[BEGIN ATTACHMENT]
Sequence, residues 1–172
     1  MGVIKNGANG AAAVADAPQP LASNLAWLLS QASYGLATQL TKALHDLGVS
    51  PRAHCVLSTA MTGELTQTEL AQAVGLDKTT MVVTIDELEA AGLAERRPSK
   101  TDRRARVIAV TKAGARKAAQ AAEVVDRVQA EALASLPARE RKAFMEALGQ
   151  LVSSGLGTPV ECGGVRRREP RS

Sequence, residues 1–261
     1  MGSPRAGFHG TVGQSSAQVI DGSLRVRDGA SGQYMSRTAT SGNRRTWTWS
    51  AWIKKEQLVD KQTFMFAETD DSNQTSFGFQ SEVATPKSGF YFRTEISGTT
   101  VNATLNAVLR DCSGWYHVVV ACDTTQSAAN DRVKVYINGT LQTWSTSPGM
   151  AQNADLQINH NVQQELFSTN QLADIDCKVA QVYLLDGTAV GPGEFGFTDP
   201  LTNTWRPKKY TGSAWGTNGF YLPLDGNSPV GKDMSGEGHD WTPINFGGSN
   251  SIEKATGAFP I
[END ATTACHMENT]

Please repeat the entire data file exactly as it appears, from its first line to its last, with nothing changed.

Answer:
Sequence, residues 1–172
     1  MGVIKNGANG AAAVADAPQP LASNLAWLLS QASYGLATQL TKALHDLGVS
    51  PRAHCVLSTA MTGELTQTEL AQAVGLDKTT MVVTIDELEA AGLAERRPSK
   101  TDRRARVIAV TKAGARKAAQ AAEVVDRVQA EALASLPARE RKAFMEALGQ
   151  LVSSGLGTPV ECGGVRRREP RS

Sequence, residues 1–261
     1  MGSPRAGFHG TVGQSSAQVI DGSLRVRDGA SGQYMSRTAT SGNRRTWTWS
    51  AWIKKEQLVD KQTFMFAETD DSNQTSFGFQ SEVATPKSGF YFRTEISGTT
   101  VNATLNAVLR DCSGWYHVVV ACDTTQSAAN DRVKVYINGT LQTWSTSPGM
   151  AQNADLQINH NVQQELFSTN QLADIDCKVA QVYLLDGTAV GPGEFGFTDP
   201  LTNTWRPKKY TGSAWGTNGF YLPLDGNSPV GKDMSGEGHD WTPINFGGSN
   251  SIEKATGAFP I